One example that Hogarth and Makridakis provided was a study of oil forecasts. In 1972 the generally accepted forecasts called for a continued trend in oil prices with no substantial rise. Oil was trading at the time under $2 per barrel. Following the OPEC situation, sentiment began to turn very negative, meaning that oil prices were perceived to be on the advance between 1974 and 1979 with no end in sight. Forecasts during this period for $100 a barrel oil by 1990 were in the majority. During 1979-1982, the oil glut perception emerged and forecasts were revised to $20-15 a barrel by 1990. Of course we all know how bearish the general crowd became on oil just last October. One so-called “oil industry specialist” forecast that oil would drop to $5 and stay under $10 until the end of the century.

In 1976, V.A. Mabert published his paper “Statistical Versus Sales-Force Executive Opinion Short Range Forecasts: A Time Series Analysis Case Study.” Mabert took sales forecasts which had been based upon the opinions of corporate and sales force personnel. He then studied the accuracy of these fundamentally based forecasts and compared them with three different quantitative methods. The comparisons were conducted on a mean absolute deviation and on a mean absolute percentage error basis. He found that over the case study period of 5 years, the judgmental forecasts proved to be the most inaccurate while the Box-Jenkins method provided the best forecast of the four methods involved.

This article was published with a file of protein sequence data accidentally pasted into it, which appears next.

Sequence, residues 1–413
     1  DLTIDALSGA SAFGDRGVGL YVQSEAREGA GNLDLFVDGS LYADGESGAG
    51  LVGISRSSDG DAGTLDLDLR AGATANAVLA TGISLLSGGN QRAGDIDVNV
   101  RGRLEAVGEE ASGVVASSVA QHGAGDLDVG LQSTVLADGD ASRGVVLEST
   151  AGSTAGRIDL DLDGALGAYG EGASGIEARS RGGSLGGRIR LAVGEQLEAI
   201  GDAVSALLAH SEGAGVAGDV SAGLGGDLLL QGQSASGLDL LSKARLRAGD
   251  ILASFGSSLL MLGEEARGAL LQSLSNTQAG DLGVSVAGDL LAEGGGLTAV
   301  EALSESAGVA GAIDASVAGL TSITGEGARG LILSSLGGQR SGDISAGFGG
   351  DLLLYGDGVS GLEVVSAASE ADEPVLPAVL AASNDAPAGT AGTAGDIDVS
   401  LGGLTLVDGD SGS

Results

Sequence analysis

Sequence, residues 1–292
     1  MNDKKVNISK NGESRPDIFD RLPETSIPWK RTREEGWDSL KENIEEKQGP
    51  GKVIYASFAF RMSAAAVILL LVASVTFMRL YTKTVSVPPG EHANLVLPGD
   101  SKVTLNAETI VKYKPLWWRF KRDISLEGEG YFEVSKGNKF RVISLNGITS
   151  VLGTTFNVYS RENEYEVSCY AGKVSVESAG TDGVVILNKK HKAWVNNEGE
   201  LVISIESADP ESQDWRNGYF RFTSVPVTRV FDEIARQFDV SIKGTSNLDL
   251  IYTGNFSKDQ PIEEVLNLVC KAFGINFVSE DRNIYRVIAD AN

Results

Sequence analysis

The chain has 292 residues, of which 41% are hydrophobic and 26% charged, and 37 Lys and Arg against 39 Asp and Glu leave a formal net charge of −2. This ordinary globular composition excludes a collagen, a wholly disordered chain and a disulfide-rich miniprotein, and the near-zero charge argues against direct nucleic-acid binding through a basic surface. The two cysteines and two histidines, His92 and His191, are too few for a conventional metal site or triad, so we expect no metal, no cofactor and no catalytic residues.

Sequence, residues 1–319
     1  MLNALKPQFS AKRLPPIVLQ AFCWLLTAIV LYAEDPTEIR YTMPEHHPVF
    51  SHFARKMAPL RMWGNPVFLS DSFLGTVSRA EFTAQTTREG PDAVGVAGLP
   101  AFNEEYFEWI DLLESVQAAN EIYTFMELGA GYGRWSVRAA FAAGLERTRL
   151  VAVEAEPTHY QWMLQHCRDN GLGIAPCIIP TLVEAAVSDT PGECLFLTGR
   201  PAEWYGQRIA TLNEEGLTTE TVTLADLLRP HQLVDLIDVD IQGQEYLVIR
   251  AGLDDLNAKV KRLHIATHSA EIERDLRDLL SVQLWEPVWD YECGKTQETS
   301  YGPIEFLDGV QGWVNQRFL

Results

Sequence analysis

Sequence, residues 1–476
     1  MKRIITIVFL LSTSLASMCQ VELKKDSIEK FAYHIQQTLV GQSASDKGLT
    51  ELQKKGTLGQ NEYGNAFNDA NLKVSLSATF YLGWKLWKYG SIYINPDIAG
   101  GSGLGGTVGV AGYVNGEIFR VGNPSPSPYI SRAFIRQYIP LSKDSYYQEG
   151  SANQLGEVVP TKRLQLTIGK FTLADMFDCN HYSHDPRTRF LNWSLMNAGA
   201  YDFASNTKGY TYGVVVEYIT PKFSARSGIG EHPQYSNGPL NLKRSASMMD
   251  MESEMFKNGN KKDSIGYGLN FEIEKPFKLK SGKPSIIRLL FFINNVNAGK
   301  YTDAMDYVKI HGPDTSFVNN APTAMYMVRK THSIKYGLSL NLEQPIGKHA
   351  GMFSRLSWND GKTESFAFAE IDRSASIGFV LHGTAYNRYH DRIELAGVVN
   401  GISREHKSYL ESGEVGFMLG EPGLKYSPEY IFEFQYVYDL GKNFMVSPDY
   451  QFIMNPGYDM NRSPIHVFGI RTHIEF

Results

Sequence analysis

There have been numerous studies on this subject and the single conclusion that one finds is that judgmental forecasting is inherently the worst. The human emotion tends to cloud the perspective. Whenever a market or economic trend is falling rapidly, fear wins over reason. Hence the fundamentalist cannot see any reason why the current trend will change. This emotional basis provides the error in judgment.

Regardless of how many case studies reveal that judgmental forecasting produces the least accurate result, judgmental analysis is the accepted norm. Unless we realize that our mistakes are caused by errors in our own judgment – there will never be any hope of avoiding mistakes in the future.